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Opinions please - Carers UK Forum

Opinions please

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This is something that is close to my heart.A family donating the liver of their wife/mother meant that we had another 10 years with my mam.We had a co ordinator who let both families correspond with each other.Writing the letter to them,trying to thank them for the gift of their loved ones liver was one of the hardest things I have ever had to do.To know that whilst we were celebrating mam being with us, that at the other end of the country was a family grieving.

We have some in our family who disagree with the opt out choice rather than opt in.

Do any of you here have an opinion on this??

Department of Health (National)

http://www.gnn.gov.uk/environment/fullD ... ment=False

Fifty per cent increase in organ donation possible within five years

The Government today announced it would back the recommendations of the Organ Donation Taskforce, which could see a 50 per cent increase in organ donation in the UK within five years - resulting in an additional 1,200 transplants a year and saving thousands of lives.

The Taskforce, set up to examine how organ donation and transplant rates can be improved, today published its report 'Organs for Transplants'.

The report proposes a radical shift from existing arrangements, recommending the recruitment of around 100 extra donor transplant coordinators to work with hospitals and guide and support bereaved families through the donation process. These extra front line staff and existing coordinators would, after consultation with the relevant parties, be employed centrally by NHS Blood and Transplant rather than individual Trusts, which would mean an end to varied employment, and training practices across the country. Together with other measures to improve donor coordination services this could result in a 10% increase in the consent rate for donation.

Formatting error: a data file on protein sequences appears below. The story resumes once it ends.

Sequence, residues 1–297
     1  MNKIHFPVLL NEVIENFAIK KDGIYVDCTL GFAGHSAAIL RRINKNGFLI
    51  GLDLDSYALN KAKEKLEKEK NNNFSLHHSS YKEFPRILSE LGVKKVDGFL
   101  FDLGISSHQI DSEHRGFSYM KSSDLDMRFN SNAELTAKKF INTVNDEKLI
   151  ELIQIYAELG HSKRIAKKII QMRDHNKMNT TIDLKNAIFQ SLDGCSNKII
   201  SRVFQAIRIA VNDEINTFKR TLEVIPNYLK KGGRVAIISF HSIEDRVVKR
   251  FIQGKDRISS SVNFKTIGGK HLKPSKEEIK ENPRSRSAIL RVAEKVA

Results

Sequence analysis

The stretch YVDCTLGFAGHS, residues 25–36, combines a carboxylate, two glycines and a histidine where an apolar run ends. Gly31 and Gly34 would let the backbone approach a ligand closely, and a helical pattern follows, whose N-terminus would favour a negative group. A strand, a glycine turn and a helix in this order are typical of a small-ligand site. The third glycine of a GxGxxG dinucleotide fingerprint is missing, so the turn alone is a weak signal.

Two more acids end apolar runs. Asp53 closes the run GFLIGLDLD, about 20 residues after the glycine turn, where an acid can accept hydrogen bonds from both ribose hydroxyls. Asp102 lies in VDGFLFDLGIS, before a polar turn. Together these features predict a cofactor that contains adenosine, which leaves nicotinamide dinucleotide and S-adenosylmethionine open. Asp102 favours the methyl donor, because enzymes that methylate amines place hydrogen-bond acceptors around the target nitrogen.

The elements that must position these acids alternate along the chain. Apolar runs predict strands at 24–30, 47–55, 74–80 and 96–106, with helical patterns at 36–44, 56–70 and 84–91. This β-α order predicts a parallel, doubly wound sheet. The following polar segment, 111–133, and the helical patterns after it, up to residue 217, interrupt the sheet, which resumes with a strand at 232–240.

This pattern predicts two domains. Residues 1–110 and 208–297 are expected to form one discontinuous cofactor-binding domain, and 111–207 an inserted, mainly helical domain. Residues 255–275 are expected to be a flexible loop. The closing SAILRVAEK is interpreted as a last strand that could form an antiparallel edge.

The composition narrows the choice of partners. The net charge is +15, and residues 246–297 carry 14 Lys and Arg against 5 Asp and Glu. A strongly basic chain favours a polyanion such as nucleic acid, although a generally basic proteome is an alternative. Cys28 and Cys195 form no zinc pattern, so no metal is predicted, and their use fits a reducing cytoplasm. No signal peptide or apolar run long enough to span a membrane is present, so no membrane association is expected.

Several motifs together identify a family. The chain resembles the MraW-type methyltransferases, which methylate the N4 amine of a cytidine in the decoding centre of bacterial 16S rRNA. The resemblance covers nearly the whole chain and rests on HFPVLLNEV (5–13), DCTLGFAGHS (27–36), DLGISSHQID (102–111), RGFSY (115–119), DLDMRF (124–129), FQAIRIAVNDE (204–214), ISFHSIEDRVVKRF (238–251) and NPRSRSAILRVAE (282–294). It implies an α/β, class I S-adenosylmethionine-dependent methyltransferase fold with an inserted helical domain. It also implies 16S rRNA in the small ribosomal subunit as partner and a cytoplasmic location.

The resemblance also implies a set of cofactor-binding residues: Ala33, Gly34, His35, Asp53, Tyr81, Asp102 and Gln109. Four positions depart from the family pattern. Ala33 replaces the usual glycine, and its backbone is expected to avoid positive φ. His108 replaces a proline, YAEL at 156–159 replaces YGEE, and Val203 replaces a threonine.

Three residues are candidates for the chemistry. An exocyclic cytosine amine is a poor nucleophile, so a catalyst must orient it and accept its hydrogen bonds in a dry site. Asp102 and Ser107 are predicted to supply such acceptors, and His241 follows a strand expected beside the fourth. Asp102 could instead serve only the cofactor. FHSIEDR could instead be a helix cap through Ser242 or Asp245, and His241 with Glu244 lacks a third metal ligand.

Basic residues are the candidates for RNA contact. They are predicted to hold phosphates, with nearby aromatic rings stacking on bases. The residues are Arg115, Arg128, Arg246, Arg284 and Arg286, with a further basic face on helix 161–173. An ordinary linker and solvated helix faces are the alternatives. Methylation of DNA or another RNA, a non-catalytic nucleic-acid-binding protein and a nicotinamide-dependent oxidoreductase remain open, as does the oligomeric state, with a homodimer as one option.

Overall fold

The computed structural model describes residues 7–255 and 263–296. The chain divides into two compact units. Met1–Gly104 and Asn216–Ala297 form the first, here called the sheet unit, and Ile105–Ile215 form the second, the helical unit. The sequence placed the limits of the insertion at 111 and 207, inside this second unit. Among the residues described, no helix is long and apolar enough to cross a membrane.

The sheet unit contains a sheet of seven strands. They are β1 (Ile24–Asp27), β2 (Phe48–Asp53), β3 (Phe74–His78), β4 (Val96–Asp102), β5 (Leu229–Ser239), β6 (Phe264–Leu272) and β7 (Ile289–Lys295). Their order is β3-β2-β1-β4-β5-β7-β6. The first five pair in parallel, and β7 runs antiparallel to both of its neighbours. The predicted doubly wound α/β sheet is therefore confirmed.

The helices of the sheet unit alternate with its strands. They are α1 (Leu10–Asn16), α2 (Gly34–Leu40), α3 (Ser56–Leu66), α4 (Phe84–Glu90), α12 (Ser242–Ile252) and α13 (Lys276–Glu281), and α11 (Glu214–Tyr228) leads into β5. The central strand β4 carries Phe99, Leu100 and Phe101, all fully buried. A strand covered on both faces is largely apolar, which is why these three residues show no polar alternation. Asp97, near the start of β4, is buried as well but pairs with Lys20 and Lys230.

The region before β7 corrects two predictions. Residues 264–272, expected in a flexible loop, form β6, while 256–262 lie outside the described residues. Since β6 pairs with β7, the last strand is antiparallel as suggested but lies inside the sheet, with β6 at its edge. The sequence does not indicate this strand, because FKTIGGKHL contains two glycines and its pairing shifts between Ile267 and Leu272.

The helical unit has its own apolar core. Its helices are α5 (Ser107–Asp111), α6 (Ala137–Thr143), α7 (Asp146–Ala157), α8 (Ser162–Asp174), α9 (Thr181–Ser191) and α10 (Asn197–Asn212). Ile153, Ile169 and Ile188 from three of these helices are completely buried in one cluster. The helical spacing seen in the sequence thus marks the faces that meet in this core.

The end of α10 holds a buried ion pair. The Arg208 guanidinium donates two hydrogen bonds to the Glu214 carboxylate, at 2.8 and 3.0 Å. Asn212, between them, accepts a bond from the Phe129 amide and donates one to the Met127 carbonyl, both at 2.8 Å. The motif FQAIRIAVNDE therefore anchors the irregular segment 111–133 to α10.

In addition, a new strengthened network of dedicated organ retrieval teams would also be established and be available 24 hours a day, working closely with the critical care teams in hospital to retrieve safe high quality organs for transplant across the UK.

Health Secretary Alan Johnson said:

"Donating an organ is the greatest gift anyone can bestow. Last year around 2,400 people in the UK benefited from an organ transplant, but more than 1000 people die every year waiting for a transplant. I am determined that we do all we can to increase levels of donation and make a difference to as many patients as possible.

"These recommendations are essential to improve the systems supporting organ donation. The taskforce will now go on to consider the important issue of presumed consent and the role that it could play in increasing organ donation."

Health Minister Ann Keen said:
"The Taskforce tell us that, if the recommendations in today's report are implemented, there is the potential to increase the number of organ transplants by an additional 1,200 a year.

"If we are able to save these lives we must take action now across the UK. I am pleased that the recommendations have the backing of the Health Ministers in Wales, Scotland and Northern Ireland, and that we will work together to support families and donors to implement them"

The report has fourteen recommendations in total which include encouraging the NHS to make organ donation a usual rather than unusual event by developing local organ donation policies with identified clinical donor leads or donation committees. Different ways of recognising the very special gift made by individual organ donors and their families will also be considered.